Despite the spectacle and effects, this seemed more than a bit silly.

Meanwhile on earth, Hal Jordan is a test pilot for a huge corporation and, while transfixed by memories of his ace father who died in a fiery crash, ditches his plane to the dismay of his employers, a wheeler-dealing senator and the workers (who later bash him up). How could he be a superhero when he is a self-confessed ‘screw-up’? Actually, the theme of ‘I’m only human’ is a plus for him so that he does not suffer from hubris when he finds he is the chosen one for earth (read US). Ryan Reynolds has been in lots of raucous comedies as well as romantic comedy and he is not necessarily a first choice for Green Lantern. Even he has to be reprimanded by a fish alien (with Geoffrey Rush’s voice) because of his vanity in his lycra suit.

So we have intergalactic contact and a superhero costume and mask- disguised on earth (though it is a relief when his girl-friend, Carol (Blake Lively), recognises him and helps out). His close friend Tom (Takia Waititi, the NZ director of Eagle vs Shark and Boy) is also in on it. So eventually, is Hector, the unfortunate son of the senator (Tim Robbins) who has been jealous of Hal and Carol, who is brought it to examine the corpse of the hero who landed on earth to recruit Hal, but who is infected by Parallax evil and becomes disfigured in mind and body and becomes the evil human villain (Peter Sarsgaard).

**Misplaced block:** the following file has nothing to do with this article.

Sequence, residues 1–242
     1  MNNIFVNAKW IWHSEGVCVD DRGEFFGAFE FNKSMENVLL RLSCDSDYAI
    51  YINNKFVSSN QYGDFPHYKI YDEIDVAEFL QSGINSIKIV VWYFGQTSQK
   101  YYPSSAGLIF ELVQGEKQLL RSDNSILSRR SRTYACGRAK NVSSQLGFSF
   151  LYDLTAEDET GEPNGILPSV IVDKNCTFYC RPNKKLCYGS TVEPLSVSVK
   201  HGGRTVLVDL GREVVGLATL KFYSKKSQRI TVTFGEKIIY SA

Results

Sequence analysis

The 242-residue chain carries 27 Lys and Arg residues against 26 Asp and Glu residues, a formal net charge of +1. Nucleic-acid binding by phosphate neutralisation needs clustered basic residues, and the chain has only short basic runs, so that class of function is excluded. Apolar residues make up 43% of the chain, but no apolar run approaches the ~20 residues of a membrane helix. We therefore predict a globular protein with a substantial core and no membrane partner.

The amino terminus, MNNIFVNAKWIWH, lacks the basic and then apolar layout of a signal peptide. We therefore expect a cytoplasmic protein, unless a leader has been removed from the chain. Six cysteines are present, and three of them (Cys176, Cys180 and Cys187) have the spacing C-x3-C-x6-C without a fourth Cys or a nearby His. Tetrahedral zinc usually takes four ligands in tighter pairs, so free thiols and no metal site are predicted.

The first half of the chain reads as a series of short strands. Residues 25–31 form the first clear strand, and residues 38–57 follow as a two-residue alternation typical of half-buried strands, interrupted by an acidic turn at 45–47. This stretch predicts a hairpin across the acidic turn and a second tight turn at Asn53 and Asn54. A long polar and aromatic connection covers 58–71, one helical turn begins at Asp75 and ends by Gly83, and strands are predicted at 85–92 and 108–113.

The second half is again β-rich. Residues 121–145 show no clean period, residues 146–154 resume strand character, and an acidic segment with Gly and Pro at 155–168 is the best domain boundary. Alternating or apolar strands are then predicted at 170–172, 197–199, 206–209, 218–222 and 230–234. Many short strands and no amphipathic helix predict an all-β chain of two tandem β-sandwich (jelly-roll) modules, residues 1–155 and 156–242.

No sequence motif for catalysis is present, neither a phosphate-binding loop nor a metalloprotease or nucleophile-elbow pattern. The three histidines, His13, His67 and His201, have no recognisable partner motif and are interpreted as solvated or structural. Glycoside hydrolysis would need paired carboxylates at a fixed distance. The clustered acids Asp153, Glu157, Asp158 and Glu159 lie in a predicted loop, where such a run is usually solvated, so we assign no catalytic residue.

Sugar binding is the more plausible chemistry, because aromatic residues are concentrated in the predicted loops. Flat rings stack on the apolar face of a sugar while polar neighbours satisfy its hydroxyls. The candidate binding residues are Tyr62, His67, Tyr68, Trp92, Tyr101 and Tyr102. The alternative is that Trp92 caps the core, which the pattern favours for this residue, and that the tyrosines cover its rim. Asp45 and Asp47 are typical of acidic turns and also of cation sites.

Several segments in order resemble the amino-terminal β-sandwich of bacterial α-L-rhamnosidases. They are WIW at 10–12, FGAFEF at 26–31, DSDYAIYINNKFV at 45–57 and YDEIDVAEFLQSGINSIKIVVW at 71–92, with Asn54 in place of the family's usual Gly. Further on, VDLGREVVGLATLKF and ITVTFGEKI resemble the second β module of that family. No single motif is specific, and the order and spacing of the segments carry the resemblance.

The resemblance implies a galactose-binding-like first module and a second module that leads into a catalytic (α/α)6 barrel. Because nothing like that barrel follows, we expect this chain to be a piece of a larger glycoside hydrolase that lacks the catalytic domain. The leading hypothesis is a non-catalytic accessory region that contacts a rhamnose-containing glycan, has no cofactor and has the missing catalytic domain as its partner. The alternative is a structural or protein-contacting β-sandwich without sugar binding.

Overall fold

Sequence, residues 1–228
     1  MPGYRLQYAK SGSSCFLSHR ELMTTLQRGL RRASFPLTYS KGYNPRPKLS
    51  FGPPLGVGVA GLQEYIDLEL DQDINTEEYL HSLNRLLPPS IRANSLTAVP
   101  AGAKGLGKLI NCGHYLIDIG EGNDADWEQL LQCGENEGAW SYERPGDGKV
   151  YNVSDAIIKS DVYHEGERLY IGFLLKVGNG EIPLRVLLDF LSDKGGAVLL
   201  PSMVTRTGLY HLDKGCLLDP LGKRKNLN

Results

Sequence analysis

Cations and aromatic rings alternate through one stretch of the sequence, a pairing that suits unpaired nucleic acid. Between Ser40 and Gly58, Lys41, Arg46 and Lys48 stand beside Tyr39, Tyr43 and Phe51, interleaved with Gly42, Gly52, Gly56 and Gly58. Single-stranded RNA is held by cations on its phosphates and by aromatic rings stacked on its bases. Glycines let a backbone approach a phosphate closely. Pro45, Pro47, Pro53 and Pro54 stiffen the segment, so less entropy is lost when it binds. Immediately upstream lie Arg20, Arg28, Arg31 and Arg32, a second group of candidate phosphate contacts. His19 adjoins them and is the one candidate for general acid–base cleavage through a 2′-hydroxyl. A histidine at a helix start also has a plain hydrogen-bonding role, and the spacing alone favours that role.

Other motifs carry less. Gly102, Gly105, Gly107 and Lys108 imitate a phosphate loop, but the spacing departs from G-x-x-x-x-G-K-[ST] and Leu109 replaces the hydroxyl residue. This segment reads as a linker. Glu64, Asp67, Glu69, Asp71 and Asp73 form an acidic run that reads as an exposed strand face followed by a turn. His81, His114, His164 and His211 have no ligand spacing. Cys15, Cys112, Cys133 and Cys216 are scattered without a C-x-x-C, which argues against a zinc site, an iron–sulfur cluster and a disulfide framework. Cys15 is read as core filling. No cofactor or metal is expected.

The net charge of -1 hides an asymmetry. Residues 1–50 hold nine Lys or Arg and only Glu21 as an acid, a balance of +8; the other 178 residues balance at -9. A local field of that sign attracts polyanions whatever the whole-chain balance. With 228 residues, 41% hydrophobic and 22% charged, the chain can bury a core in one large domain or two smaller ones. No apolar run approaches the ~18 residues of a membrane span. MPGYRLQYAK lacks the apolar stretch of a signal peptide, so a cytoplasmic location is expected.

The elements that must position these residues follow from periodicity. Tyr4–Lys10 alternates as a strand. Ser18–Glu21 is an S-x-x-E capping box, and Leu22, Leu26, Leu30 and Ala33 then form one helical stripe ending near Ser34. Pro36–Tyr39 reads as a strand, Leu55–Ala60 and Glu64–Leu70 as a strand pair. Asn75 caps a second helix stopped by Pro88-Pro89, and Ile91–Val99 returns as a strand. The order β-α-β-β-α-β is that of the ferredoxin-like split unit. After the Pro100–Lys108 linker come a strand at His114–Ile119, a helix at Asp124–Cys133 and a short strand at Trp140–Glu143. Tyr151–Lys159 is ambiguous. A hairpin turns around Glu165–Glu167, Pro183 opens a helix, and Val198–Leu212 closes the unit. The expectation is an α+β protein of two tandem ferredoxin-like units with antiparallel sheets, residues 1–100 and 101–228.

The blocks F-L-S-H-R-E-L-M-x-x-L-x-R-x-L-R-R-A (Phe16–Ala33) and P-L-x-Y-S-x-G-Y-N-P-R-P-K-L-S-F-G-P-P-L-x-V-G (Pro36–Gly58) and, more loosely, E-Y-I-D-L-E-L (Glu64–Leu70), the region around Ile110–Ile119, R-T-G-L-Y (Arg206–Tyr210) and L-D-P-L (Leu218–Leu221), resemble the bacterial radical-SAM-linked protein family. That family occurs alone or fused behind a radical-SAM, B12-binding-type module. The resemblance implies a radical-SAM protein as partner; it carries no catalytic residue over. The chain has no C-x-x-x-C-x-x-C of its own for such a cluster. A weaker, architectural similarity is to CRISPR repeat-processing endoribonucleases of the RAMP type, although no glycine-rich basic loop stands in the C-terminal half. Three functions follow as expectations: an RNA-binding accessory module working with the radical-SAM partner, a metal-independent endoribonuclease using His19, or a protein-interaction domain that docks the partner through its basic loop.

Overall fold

Hal has to do the Superman thing a couple of times, but has to go to the Guardians to train (he is not into that) and to offer himself for the final superheroics against the swirling black cloud that is Parallax. And this after a pep talk from Carol who explains the difference between fearless and courageous.

Come to think of it, this plot and treatment still seems a little silly, so Green Lantern is not one of the best DC Comics superhero movies.


(US, 2011, d. Tate Taylor)

It’s not quite accurate to say that one will enjoy The Help. Actually, one might be squirming in one’s seat at times – for the right reasons. This is a film about American racism, as late as 1967. Some of the sequences are so effective in displaying how seemingly well brought up young woman can be so patronising, condescending and unjust to their maids, ‘the help’.

Box-office has been high for The Help. It is one of those movies that you realise taps into the wide audience sensibility, that the characters are humane enough for audiences to identify with them, and that the issues are important enough to be concerned about. It’s the type of film that turns up with Oscar nominations (a bit like the response to The King’s Speech), that people vote for, able to overlook some of the stereotyping or other limitations that critics point out, because they liked the film so much and were moved.